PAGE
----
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Facilitating the Deployment of Text-to-911 and Other Next Generation 911 Applications, PS

Docket No. 11-153; Framework for Next Generation 911 Deployment, PS Docket No. 10-255

Last week, I visited New York City’s bustling Public Service Answering Point (PSAP) located at

MetroTech Center in Brooklyn. This PSAP serves all of New York’s five boroughs—which cover more

than 300 square miles, approximately 8 to 11 million people depending upon the time of day, not to

mention the subway system, rivers and harbors—and handles over 11 million calls a year.1 I should start

by thanking the men and women of the New York Police Department, Fire Department and Emergency

Medical Services who spent many hours showing me the facilities and answering my many questions.

Specifically, let me single out Chris Carver, the Deputy Director for Dispatch at the FDNY, for letting me

test out a number of basic premises about 911, showing me the PSAP system’s capabilities, and giving

me a glimpse into what the future holds. Moreover, I commend the City of New York for bringing such

disparate units under one roof to improve coordination, enhance public safety, and reduce costs.

My fundamental takeaway from the visit was that advanced technology provides great

opportunity and promise for emergency communications, but it is planning and execution that determines

ultimate success. Here is just one lesson learned from building New York City’s unified PSAP: if you

expect public safety officials to perform at their best during catastrophes, the facility better account for

the needs of these dedicated public servants to stay on the job hour after hour. In the rush to open the

building, the architects forgot to account for the basics—they didn’t build enough bathrooms and there are

no sleeping facilities.

The Commission seems to be making a similarly hasty decision here. When it comes to 911 in

particular, we repeatedly discount or ignore simple truths about what we can force technology to do in a

set timeframe. Successful technology development involves in-depth analysis and planning, software

design cycles, and rigorous testing. It requires a methodical process that includes time, money, and a

whole lot of effort to get to the desired outcome. Some, however, appear completely comfortable in

placing blind faith in artificial deadlines. The theory seems to be: if we mandate it, the technology will

come. Technology development, however, cannot be premised on a 1980s Kevin Costner movie about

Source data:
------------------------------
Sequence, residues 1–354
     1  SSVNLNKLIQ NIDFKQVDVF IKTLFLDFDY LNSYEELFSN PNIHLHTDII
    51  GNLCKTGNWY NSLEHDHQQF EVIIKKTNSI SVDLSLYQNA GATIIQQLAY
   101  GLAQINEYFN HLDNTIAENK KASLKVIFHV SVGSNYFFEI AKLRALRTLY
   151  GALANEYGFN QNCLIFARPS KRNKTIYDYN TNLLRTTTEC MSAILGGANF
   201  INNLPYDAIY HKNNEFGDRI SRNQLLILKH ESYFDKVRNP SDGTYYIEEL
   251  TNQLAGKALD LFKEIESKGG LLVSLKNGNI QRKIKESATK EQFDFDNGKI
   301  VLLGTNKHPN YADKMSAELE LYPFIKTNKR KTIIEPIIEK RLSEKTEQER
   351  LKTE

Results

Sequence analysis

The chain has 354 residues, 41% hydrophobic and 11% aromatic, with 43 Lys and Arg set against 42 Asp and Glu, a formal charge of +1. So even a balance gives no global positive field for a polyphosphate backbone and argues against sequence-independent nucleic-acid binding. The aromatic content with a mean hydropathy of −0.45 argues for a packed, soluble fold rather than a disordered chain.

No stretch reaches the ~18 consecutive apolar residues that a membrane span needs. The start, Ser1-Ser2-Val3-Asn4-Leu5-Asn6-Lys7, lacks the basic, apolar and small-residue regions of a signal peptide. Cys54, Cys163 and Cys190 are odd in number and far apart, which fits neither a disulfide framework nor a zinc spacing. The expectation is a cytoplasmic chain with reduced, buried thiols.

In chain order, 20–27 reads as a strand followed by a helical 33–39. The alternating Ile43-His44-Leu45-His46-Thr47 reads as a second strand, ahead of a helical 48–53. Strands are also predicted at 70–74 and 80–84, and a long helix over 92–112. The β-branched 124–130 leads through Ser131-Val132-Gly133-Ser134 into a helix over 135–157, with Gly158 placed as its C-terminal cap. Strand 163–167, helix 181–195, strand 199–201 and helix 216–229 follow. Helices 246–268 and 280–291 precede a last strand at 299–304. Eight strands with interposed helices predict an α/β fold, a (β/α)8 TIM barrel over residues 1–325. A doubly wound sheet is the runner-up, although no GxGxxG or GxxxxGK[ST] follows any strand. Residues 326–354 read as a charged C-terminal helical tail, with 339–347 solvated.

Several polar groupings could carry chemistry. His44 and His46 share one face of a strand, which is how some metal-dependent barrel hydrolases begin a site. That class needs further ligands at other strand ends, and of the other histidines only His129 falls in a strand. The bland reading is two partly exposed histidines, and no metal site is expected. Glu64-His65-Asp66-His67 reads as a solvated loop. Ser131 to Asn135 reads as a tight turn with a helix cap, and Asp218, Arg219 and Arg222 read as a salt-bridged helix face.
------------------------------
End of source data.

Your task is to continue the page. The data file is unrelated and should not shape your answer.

Another overarching concern of mine is the Commission’s pursuit of a regulatory scheme that

presents private sector participants with the choice of either voluntarily implementing someone’s

preferred policy or facing onerous regulation. With all due respect, this model—which some have called

the regulatory seesaw—is problematic. Conceptually, it is inherently unfair to have the heft of the

Federal government on one side of the seesaw. Where is the voluntary part of this equation? Even more

worrisome, in those instances where voluntary agreements were reached, the goalposts were moved to

justify imposing rules on the participating industry. Here, the large wireless carriers rose to the challenge

and “voluntarily” enabled text-to-911, but that did not free them from regulation. It may be hard finding

companies to play this game in the future.

In this item, the Commission also extends the text-to-911 requirement to smaller Commercial

Mobile Radio Services (CMRS) carriers. I find the arbitrary compliance deadlines troubling, especially

for SMS technology which was never intended to be a secure communications platform. At least, in this

case, there appears to be a defined technological path to offer SMS text-to-911, as demonstrated by the

larger providers pursuant to their voluntary agreement. Although this is not my preferred approach, I will

1 NYC Analytics, 911 Performance Reporting," title=""> (Aug.

8, 2014).


concur with the portion of the order pertaining to CMRS providers. I suspect that many smaller carriers

may request waivers and hope such relief is appropriately and quickly granted when justified. I

appreciate that the majority is willing to look closer at PSAP consolidation issues, which would

eventually reduce compliance costs by reducing the millions spent to reach particular connection points.

What I am unable to support are the mandates imposed on interconnected text providers—the

Over The Top (OTT) providers. I embrace what technology offers and oppose the efforts to pigeonhole

these apps into the CMRS/PSAP paradigm, especially based on dubious legal authority. It has been clear

since the notice of proposed rulemaking was issued that technological solutions for interconnected text

apps were uncertain. Yes, we were able to draw schematics of how it might work on napkins, but three of

the four supposed options do not exist.

When looking into the one available approach, a model tied to requiring access to the CMRS

network, I had a series of questions about how the technology and regulations would work. Would